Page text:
A quick scan of the company’s offerings revealed a long list of services that they provide–from customer care reps to virtual assistants to web design and more. Among their specialties is a listing for media professionals including copy editing, which made me chuckle. Being an editor myself, I instantly found errors on the site…so I guess their outsourced editing staff isn’t as top-notch as they claim.  (I hope that none of the companies on their scrolling list of “satisfied clients” hired them for their editing skills. Even if the company didn’t design its own site, you’d think someone on staff would have been charged with proofing the text.)  I couldn’t tell where exactly their employees are from either, but when you look at the alleged staff photos of people busily working in cubicles, it doesn’t look like your average American office space.

A little more quick research revealed that the company is in fact part of a larger conglomerate–The Hubport Group, which seems to specialize in having several outsourcing companies–nine to be specific.  What’s sad is that they are a U.S. company that specializes in outsourcing our jobs. (Um… does anyone else see a problem with that or am I a lone wolf on this one?)  When I checked them out further, I found an interesting article about how large U.S. companies will profit by outsourcing to Asia, written and posted by a Bill Bonner of The Daily Reckoning, what seems to be an on-line periodical based in Australia.

He mentions the growing Chinese middle class (sounds like the U.S. two generations ago) as well as our own faltering housing market. He also mentions how companies can spend less by outsourcing. Well…duh…we already know that…it’s all about the bottom line in business.  The article relies solely on quotes from an alleged Minneapolis newspaper, but never attributes the quotes to which paper. (I searched and couldn’t find a match.) Did anyone at Hubport responsible for posting articles do any fact checking which would be, pretty standard practice? (I think those outsourced employees, again, aren’t so top-notch.)

So not only has the commenter, who will probably now retract the glowing “two thumbs up,” miss the point of my days-old blog post, which was to show how outsourcing is failing us, by checking out their company as quickly as I did, the company proved that the quality of outsourced work may not match the standards that we expect (and in some cases demand) here in the U.S.  Once again, the various lead-paint related recalls are perfect cases-in-point.

The question is, at what point does low cost outweigh standards, safety and keeping the American workforce employed? I think those are questions that industry as a whole is coming to grips with. 

This is how I see the outsourcing situation:

When we outsource–whether it’s the blue-collar work of manufacturing or the white-collar work of what Bonner quotes as “high-level things like design, research, marketing, [and] legal work” we are displacing our own at the peril of our own economy and our own workforce. To me, it’s a pretty simple equation:  If you fire people here, and hire people overseas to fill those positions, people here don’t have the wages to buy the products you make or services you offer. It doesn’t make any sense. Why push ourselves into poverty by displacing our own middle class in favor of supporting the rising middle class of somewhere else?  I know it sounds xenophobic, but really, it isn’t. I firmly believe that non-industrialzed nations have the right to become industrialized, join the “first world” so to speak, but how about doing it the way that we did…through hard work and ingenuity…the good old “pull yourselves up by the bootstraps” method without sucking off of someone else?  (Before I get challenged about America’s corporate historical record, no, the corporate historical record in the U.S. is not without its blemishes, as Upton Sinclair’s The Jungle and the Enron scandal aptly illustrate as two decades-separated examples, but those whom industry has oppressed came here to work and to find a better life.  We also have ways of dealing with such atrocities here.)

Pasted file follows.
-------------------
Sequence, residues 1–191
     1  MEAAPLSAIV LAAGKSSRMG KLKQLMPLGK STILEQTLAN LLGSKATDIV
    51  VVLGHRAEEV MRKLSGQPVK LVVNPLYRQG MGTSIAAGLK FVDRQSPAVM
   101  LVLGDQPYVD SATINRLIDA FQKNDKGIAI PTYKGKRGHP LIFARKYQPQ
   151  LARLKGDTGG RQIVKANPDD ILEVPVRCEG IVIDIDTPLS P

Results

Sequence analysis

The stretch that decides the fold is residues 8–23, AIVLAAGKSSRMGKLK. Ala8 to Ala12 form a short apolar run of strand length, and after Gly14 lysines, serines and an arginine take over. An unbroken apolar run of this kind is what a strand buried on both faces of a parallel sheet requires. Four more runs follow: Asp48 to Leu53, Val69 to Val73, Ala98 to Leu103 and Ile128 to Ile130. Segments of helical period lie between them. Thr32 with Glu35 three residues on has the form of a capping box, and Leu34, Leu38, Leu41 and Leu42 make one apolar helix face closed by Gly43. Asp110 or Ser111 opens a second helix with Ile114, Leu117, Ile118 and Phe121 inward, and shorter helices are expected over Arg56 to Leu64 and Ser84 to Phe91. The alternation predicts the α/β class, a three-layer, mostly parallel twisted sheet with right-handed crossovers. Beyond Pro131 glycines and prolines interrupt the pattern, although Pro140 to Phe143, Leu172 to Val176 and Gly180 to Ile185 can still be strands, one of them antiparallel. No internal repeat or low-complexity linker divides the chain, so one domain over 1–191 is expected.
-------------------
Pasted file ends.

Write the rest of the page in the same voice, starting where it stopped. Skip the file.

For industry to “sell out” as it has done by mass outsourcing, as I see it, for the sake of cutting costs, to in turn offer us “low, low prices,” is really unfathomable, especially with the net trickle-down effect that outsourcing is causing.  It’s one thing if there is a quid pro quo, where on the whole we are getting something out of this outsourcing business besides “low, low prices.” And if you ask me, getting “low, low, prices” isn’t that much of a bargain since people tend to buy more (with the less that they have) when they think they’re getting a deal.  I can see how outsourcing (overseas) can be attractive to a company–cheaper labor, and as Steve pointed out, a more educated workforce.  But perhaps if we educated ourselves better here, companies would be finding a broader pool of talent here and jobs would remain here. The outsourcing issue is quite multifaceted, and of course, it’s not going to change quickly until a large enough group of people get hurt by it or find that they’ve been duped.  And they are getting duped, because as my earlier quick research shows, the talent pool overseas, isn’t necessarily any more qualified than our own American workforce.  Think about that the next time you get a call (or for that matter, call) an American company, and the person you speak to is overseas (and allegedly better educated than we are), but can’t figure out phonics or how to decode a word enough to pronounce your name properly.